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October 13 1900/2000

Glenwood - On October 8, Hon. Galusha A. Grow celebrated the 50th anniversary of his election to congress. His period of active participation in the public life of his country exceeds that of any other living American and the half century it spans includes the most eventful time in the history of the world. Yet through it all Mr. Grow has passed without a blemish upon his reputation or sign of wear or tear. [Galusha Grow is best known as the author of the Homestead Act and was elected speaker of the House of Representatives in 1861].

Hopbottom - There is quite a strife between the operators of the two creameries to see which will get the most milk, but the new creamery, the Scranton Dairy Co., is several cans ahead. Contractors are figuring for an ice house and an addition to be built on the new creamery, as the present building is inadequate for the handling of the large quantity of milk received.

Hallstead - John Coddington, one of Hallstead's popular business men, will take unto himself a wife in the near future. The choice is Miss Mame Grogan, an estimable young lady.

Kingsley - The acid factory of Porter and Bayless is completed and work has commenced there. Work is progressing rapidly on the new steam mill of Slocum Bros. W. H. Wilmarth and son are the builders.

Susquehanna - A few prominent citizens are against the sewerage project because their grandparents knew nothing about sewerage--and yet lived. AND: Governor Theodore Roosevelt will be in Susquehanna for 40 minutes on Saturday afternoon, Oct. 27th. It will be the occasion of a big rally and mass meeting.

Brooklyn - An entertainment entitled "An Evening in Japan" will be given in the Methodist church Wednesday evening, Oct. 24, by a returned Missionary and two Japanese ladies. Admission 10 and 20 cents.

Lathrop Twp. - Franklin Lord, of Lathrop township, a veteran of the civil war, passed away from the scenes of this life Oct. 6, 1900, at the age of 66 years, 4 months and 16 days. He had been afflicted for a number of years with a sort of palsy, gradually increasing as he neared the end. The funeral was attended from his late home, Oct. 8, at 2:00 p.m., services conducted by Rev. Dr. Sage.

Welsh Hill [Clifford Twp.] - Miss Lizzie Moses of the Jenkins School, Will Moses of the Gelatt School of Gibson, Miss Bertha Owens of the Marsh school, Miss Irene Morgan of the Colo school, and Miss Mary E. Richards and F. A. Davis are in attendance at the teacher's institute now in session at Montrose.

Springville - Lehigh Valley adjusters were here recently adjusting losses on cattle belonging to Mark Scott and E. H. Sherman, that were killed on the Montrose Railway.

Harford - Masquerade and box social Wednesday evening Oct. 24 in Odd Fellows' hall under the auspices of Harford band. A cordial invitation is extended to all to come and have a good time.

Auburn Center - School report for the month ending Oct. 1st: Those receiving a percentage of 90 or above were: Euphrasia Stevens 97, Cleon Stevens 90, Fred Lee 90, Frank Ming 98, Ethel White 95 1/4, Claire Reynolds 92 1/2. Those receiving 100 per cent in Spelling: Euphrasia Stevens, Letha Bennett, Frank Ming, Ethel White, Claire Reynolds, Mary Dean. Those not absent during month: Carrie Lee, Letha Bennett. Those absent only one day: Luvia Thornton, Ethel White, Catherine Harrison. Number of pupils 20. Alpha M. Howard, teacher.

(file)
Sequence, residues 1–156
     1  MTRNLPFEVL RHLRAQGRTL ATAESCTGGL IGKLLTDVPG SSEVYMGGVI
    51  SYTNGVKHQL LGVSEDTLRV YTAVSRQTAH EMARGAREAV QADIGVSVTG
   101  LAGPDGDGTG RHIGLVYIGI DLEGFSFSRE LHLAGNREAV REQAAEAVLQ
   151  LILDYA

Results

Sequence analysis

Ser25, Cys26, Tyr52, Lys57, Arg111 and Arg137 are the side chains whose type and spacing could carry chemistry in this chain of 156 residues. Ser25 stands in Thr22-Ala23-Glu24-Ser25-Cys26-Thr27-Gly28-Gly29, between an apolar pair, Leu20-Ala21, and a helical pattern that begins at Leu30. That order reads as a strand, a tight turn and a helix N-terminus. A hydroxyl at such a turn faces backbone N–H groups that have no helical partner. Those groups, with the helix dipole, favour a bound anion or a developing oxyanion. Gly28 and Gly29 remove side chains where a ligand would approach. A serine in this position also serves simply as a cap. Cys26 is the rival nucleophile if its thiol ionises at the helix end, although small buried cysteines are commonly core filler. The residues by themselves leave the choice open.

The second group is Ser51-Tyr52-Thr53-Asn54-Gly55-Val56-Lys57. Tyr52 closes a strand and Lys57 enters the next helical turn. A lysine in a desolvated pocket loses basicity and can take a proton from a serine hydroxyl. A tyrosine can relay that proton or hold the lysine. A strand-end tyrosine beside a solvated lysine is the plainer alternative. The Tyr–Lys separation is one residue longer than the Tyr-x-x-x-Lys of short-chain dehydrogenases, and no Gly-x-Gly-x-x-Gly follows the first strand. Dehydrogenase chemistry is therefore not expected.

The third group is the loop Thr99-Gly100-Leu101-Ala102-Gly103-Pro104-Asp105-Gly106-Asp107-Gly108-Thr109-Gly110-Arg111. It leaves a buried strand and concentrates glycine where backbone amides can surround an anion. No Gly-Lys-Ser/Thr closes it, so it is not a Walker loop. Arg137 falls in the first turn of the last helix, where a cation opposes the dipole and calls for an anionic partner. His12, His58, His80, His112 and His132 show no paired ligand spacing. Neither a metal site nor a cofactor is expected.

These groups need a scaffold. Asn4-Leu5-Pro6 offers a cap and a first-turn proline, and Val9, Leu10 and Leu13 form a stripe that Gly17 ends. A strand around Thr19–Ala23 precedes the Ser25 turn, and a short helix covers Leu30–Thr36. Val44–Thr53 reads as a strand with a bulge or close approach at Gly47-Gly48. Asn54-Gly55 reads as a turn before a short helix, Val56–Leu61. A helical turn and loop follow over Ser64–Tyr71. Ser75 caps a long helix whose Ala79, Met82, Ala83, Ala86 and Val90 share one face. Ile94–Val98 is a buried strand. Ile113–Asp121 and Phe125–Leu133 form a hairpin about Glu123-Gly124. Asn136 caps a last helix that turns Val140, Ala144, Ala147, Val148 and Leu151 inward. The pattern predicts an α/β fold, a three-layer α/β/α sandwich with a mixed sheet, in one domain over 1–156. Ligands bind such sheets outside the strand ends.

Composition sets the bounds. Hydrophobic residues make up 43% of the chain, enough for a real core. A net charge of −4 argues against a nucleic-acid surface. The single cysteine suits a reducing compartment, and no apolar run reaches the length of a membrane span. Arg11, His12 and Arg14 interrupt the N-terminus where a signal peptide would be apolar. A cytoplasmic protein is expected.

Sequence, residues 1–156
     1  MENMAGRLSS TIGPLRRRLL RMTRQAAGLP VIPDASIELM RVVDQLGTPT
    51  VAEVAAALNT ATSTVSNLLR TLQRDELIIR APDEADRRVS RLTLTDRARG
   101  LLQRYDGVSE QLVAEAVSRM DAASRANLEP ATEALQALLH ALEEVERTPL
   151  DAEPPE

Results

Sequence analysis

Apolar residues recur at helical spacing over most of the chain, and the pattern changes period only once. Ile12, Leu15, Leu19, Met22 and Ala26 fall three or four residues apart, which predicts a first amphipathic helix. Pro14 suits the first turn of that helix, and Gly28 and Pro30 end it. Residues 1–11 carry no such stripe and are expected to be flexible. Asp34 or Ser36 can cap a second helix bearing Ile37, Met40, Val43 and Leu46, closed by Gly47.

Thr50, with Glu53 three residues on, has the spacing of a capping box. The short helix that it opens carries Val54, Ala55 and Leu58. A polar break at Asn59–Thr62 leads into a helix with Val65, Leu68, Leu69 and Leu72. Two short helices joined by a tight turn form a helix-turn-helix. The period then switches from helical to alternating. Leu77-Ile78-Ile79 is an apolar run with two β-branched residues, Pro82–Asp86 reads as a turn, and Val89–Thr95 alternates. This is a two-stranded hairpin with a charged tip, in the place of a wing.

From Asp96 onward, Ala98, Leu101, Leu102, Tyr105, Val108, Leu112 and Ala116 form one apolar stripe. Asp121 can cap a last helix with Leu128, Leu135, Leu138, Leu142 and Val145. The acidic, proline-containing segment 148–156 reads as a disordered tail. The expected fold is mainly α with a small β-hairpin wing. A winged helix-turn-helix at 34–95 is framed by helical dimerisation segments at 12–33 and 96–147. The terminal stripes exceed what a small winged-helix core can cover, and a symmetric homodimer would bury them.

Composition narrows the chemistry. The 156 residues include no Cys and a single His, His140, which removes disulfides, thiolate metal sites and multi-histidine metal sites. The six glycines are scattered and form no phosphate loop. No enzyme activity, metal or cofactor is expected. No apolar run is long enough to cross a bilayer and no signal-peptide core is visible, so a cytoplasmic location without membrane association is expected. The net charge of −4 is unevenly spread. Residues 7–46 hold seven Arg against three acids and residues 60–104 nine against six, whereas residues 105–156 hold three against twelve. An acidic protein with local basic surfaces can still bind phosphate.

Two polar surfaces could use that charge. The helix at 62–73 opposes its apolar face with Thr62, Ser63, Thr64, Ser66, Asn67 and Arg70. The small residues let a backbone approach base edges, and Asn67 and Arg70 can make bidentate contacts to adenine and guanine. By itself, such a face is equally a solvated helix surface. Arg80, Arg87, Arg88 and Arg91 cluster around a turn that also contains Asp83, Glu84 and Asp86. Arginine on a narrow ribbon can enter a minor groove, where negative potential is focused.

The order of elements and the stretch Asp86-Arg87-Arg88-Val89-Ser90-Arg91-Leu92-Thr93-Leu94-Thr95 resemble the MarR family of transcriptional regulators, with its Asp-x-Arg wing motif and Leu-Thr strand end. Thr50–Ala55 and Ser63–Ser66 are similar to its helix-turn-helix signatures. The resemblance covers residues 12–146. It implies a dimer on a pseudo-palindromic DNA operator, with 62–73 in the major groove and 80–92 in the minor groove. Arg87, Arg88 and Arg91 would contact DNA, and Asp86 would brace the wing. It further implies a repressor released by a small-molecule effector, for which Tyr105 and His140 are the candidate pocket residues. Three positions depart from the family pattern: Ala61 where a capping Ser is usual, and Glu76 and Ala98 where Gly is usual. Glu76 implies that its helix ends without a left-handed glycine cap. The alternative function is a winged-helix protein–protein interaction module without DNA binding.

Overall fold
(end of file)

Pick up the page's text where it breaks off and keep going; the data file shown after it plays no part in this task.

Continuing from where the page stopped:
Lenox - In an item in the Nicholson Examiner some smart scribe came down quite heavy on the matter of cost in educating the children of this township, claiming that our school had but two scholars now. As far as that goes, it is fact, but the scribe failed to give the reasons for it. The school has been vacant the last two years, and the appropriation has gone to Hopbottom, taking that amount of money from town. Now there are scholars enough to have quite a good sized school but a few of the parties that have children to send belong to the ring and prefer to send their children somewhere else and have tried every way to break up the school, in so doing. Now then, if they succeed in what they have undertaken, then the town of Lenoxville will be under the necessity of hiring a man and team to take these same scholars to Hopbottom at an expense of not less than two dollars per day and most of these same scholars live in sight of the school house. They have a teacher that stands at the head of the class to look after the school, but Mr. Editor, it is a clear case of Ring Rule or would be Rule or Ruin. It's too bad to let such petty jealousies enter the brain, but it is like the boy who was riding horse back and crying. A man asked what he was crying about. He said, "I am cold." "Get off and walk," the man replied. "It is a borrowed horse and I will ride him if I freeze." Now these same men will send their children miles to school and lose a half day each time, rather than have them sent to school at home, free of charge, for no other reason than to get the appropriation over to Hopbottom. Come now, be fair and keep this money in Lenox. Don't send it out of the town because some one else wants you to. Those living nearest the school should be the most interested in keeping up the good reputation of our schools.

Montrose - Billings & Ryan are wiring the Court House and jail at Tunkhannock for electric lights.

NEWS BRIEF - "Another Fool Trick"- It is said that agents are operating in this vicinity with electric belts. The belts are sold for $3 each. If the day is warm when the belt is worn a burning sensation is felt and the wearer gets an idea that he is receiving a current of electricity. The burning is caused by some dry mustard which has been placed in the belt under a piece of gauze. The agents operate only in the country and small villages.

Compiled By: Betty Smith

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